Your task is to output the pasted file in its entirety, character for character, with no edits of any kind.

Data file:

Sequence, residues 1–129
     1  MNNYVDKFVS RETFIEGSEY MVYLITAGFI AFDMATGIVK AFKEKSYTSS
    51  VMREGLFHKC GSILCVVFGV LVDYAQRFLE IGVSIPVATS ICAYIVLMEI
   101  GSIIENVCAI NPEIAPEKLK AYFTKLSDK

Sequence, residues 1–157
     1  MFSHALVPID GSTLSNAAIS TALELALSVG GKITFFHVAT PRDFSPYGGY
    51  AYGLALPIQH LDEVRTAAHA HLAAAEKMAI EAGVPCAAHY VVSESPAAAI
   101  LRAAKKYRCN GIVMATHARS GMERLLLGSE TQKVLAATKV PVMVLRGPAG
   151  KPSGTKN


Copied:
Sequence, residues 1–129
     1  MNNYVDKFVS RETFIEGSEY MVYLITAGFI AFDMATGIVK AFKEKSYTSS
    51  VMREGLFHKC GSILCVVFGV LVDYAQRFLE IGVSIPVATS ICAYIVLMEI
   101  GSIIENVCAI NPEIAPEKLK AYFTKLSDK

Sequence, residues 1–157
     1  MFSHALVPID GSTLSNAAIS TALELALSVG GKITFFHVAT PRDFSPYGGY
    51  AYGLALPIQH LDEVRTAAHA HLAAAEKMAI EAGVPCAAHY VVSESPAAAI
   101  LRAAKKYRCN GIVMATHARS GMERLLLGSE TQKVLAATKV PVMVLRGPAG
   151  KPSGTKN